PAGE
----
On Disarmament: The Role of Conventional Arms Control in National Security Strategy

By Ralph A. Hallenbeck; David E. Shaver et al. | Go to book overview

internal composition of military units). NATO has also called for storing a substantial quantity of the TLI, which would permit both NATO and the WTO to reduce dramatically the number of personnel each currently requires in its active, fully manned units.

The proposals of many defensive restructuring advocates are focused on substituting manpower-intensive infantry units for existing tank and artillery units--a possibility that most military leaders on both sides have examined and found wanting. To be sure, the WTO has proposed thin-out zones along the IGB, which would imply at least some Pact readiness to defend its side of the border area with only infantry and obstacles. For a variety of military, geographic, and political reasons, however, NATO is unlikely to accept the Pact thin-out zone proposal, and neither side has indicated any willingness to broaden the concept to include a larger area (as the more radical defensive restructuring proposals would suggest is necessary). Nor has either side been willing to substitute massive barrier plans for armored forces.

Finally, some members of the North Atlantic Alliance are at least looking at the possibility that logistical depots and logistical force structure may hold the key to a restructuring proposal that would be militarily significant and acceptable to both sides. As Napoleon once noted, armies do indeed "travel on their stomachs." Given the logistical consumption levels of modern armies, this truth appears to be even more valid today than in Napoleon's time. On the other hand, constraints on logistical elements appear to present special problems for arms control solutions, and these would have to be overcome before either NATO or the WTO would be willing to address such proposals seriously in CFE.


NOTES
1.
The current NATO strategy cannot be executed, regardless of the threat, without a certain minimum force density. For estimates of the size of the necessary minimum, see Stephen J. Flanagan and Andrew Hamilton, "Arms Control and Stability in Europe," Survival, pp. 455-56, who determine that 30 front line divisions and 10 divisions for operational reserves are required, and Captain Daniel M. Gerstein, "In Search of NATO's Minimum Force Density Requirement," in Chapter 2 of this book.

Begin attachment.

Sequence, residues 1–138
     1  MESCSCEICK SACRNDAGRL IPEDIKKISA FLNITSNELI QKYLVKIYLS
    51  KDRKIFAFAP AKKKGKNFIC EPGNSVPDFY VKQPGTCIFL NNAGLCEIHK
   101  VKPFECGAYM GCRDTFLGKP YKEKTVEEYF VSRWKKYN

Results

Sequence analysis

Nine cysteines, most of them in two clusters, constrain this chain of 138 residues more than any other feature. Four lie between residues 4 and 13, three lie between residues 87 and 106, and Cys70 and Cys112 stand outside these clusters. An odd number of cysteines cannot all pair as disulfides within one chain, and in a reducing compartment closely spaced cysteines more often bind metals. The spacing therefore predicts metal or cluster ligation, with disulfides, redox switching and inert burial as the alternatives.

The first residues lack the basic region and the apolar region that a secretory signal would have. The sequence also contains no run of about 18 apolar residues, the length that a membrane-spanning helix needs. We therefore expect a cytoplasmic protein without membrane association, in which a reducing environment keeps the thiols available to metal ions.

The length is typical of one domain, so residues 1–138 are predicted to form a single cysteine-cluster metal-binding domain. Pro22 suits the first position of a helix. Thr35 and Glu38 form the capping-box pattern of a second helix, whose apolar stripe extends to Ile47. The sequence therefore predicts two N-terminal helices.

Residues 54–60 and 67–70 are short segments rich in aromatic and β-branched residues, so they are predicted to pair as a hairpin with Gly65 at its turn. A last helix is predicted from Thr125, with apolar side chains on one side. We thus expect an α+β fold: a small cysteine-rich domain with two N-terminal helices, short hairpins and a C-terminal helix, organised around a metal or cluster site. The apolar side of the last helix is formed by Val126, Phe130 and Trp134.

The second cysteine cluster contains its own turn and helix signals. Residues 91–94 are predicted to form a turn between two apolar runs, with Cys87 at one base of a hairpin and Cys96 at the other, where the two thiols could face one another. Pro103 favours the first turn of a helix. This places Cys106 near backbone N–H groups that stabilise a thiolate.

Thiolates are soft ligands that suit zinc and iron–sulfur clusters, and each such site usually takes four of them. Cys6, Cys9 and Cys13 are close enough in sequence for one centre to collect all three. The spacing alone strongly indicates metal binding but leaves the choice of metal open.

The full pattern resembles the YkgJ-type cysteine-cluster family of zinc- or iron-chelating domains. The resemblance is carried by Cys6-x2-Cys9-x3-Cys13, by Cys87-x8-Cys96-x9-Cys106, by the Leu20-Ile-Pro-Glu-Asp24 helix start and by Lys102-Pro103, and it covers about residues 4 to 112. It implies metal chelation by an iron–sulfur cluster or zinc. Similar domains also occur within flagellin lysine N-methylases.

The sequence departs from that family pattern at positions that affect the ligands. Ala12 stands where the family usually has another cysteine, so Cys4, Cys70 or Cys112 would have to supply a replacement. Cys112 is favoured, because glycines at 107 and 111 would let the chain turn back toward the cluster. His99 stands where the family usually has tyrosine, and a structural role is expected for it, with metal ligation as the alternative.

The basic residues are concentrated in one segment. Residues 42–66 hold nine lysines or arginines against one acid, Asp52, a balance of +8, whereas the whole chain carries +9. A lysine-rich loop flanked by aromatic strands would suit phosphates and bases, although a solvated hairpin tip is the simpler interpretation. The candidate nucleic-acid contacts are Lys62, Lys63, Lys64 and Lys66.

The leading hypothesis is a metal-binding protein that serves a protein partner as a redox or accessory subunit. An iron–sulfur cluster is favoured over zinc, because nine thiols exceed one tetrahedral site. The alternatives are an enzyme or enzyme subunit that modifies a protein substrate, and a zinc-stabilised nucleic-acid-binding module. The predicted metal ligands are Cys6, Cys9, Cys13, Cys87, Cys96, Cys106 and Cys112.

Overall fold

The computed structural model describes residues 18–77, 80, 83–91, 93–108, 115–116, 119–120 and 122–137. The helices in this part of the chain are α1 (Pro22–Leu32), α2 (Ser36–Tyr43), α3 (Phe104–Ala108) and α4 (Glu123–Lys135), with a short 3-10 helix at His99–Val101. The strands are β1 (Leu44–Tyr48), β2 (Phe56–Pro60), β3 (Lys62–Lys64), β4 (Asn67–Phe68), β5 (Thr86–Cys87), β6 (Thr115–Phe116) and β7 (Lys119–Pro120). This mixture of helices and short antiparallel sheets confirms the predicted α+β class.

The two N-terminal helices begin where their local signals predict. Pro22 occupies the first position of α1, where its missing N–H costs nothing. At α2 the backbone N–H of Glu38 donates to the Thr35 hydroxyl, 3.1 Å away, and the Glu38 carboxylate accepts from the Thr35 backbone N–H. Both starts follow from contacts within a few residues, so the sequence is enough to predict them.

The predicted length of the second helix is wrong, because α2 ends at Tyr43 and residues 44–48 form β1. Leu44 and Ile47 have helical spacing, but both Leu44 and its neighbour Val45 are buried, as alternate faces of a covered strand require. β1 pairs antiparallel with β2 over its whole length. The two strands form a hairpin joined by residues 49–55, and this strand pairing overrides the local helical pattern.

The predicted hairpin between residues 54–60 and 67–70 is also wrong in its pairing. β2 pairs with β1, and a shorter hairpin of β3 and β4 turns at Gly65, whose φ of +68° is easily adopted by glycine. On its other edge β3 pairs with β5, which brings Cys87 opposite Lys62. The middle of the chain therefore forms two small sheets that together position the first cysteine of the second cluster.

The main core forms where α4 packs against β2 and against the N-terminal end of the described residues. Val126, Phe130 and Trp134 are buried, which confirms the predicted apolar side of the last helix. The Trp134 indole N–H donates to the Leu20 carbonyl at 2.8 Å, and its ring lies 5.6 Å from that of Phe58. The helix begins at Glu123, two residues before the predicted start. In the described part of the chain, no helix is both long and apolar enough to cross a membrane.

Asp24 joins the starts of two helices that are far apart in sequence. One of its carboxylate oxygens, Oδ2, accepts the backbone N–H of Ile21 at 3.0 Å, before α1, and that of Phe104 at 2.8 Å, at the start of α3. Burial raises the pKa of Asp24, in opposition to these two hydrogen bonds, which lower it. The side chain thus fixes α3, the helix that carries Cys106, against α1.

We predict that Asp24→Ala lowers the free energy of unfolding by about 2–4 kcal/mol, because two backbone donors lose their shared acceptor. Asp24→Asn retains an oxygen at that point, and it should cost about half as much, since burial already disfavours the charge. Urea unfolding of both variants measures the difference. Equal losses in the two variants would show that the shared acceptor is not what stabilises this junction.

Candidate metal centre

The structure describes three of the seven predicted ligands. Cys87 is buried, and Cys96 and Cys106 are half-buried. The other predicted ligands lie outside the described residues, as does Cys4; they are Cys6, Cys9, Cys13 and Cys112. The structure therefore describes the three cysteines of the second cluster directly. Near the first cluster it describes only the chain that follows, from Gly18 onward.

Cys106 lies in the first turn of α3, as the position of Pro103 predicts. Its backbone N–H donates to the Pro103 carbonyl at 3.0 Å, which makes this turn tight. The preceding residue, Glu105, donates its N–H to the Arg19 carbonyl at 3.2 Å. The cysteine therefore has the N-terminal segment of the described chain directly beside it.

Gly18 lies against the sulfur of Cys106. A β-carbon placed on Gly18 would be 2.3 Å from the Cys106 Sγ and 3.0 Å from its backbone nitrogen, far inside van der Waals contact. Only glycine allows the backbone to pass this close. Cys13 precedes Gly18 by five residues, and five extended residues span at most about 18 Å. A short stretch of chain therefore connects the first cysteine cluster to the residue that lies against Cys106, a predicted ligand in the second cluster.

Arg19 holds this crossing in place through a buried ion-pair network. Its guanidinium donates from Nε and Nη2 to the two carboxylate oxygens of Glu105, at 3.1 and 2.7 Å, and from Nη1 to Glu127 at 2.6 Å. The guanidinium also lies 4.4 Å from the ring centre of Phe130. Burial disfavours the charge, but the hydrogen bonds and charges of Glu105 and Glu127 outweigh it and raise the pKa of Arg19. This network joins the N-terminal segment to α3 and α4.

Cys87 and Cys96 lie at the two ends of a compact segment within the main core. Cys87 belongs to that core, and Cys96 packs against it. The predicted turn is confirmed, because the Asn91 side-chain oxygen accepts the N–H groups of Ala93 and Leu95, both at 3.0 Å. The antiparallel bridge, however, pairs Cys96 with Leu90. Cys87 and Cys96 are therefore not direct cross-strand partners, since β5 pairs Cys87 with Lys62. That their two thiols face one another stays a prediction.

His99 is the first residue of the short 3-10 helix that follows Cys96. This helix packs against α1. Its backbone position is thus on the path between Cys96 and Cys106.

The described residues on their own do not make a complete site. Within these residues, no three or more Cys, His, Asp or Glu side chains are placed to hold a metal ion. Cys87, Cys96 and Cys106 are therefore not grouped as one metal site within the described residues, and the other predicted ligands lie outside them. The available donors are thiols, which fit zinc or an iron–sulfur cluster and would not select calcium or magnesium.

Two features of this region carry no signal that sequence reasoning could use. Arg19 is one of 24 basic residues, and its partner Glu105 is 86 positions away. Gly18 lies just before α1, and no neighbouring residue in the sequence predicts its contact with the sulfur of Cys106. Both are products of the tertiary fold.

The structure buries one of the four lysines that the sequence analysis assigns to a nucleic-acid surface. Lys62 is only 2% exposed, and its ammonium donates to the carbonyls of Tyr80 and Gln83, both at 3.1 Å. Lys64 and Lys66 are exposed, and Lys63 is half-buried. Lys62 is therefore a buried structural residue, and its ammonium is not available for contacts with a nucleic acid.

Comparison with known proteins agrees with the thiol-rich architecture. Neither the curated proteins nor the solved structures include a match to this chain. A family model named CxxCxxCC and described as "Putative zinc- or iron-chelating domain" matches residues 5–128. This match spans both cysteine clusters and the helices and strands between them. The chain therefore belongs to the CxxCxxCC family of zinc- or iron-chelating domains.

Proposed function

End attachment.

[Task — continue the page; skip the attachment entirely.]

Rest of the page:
2.
Recent public opinion polling shows that most Europeans do not perceive a military threat from the Warsaw Pact. See, as an example, "West European Publics Counsel Caution in Responding to the Gorbachev United Nations Speech, Yet Confidence in the Soviet Union Continues to Rise," Research Memorandum, U.S. Information Agency, December 20, 1988, p. 1.
3.
Jim Stewart, "Alliance Confronts New Adversary: Public Opinion," The Atlanta Journal and the Atlanta Constitution, April 2, 1989, p. 1.
4.
Demographic constraints to NATO's force structure are briefly discussed in Hans Gunter Brauch , "West German Alternatives for Reducing Reliance on Nuclear Weapons," in Rethinking the Nuclear Weapons Dilemma in Europe, ed. by P. Terrence Hopmann and Frank Barnaby, New York: St Martin's Press, 1988, pp. 146-82. For more intensive analyses of constraints on NATO's strategy, see Hans Gunter Brauch and RobertKennedy

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On Disarmament: The Role of Conventional Arms Control in National Security Strategy
Table of contents

Table of contents

  • Title Page iii
  • Contents vii
  • Figures, Maps, and Tables ix
  • Foreword xi
  • 1- Background 1
  • Notes 15
  • 2- Objectives 19
  • Notes 37
  • 3- Procedures 39
  • From Issues to Policies: the Nato High Level Task Force 47
  • From Issues to Policies: the Nato High Level Task Force 50
  • 4- Issues 53
  • Notes 69
  • 5- Definitional Disarmament 71
  • Notes 76
  • 6- Current Cfe Negotiations 79
  • Notes 106
  • 7- Verification 109
  • 8- Current Csbm Negotiations 121
  • Notes 128
  • 9- Future Environment 129
  • Conclusion 138
  • Conclusion 139
  • 10- Alternative Defenses 143
  • Assessing Proposals for Deep Reductions And Defensive Restructuring Following Cfe 154
  • Assessing Proposals for Deep Reductions And Defensive Restructuring Following Cfe 164
  • 11- Risks, Results, and Reflections 167
  • Notes 182
  • Appendix A: Mandate for Negotiation On Conventional Armed Forces in Europe 183
  • Appendix B: Nato Chapter One 189
  • Appendix C: Nato Chapter Two 193
  • Appendix D: Nato Chapter Three 197
  • Appendix E: Western Csbm Proposal 205
  • Glossary 213
  • Bibliography 217
  • Index 223
  • About the Editors and Contributors 227
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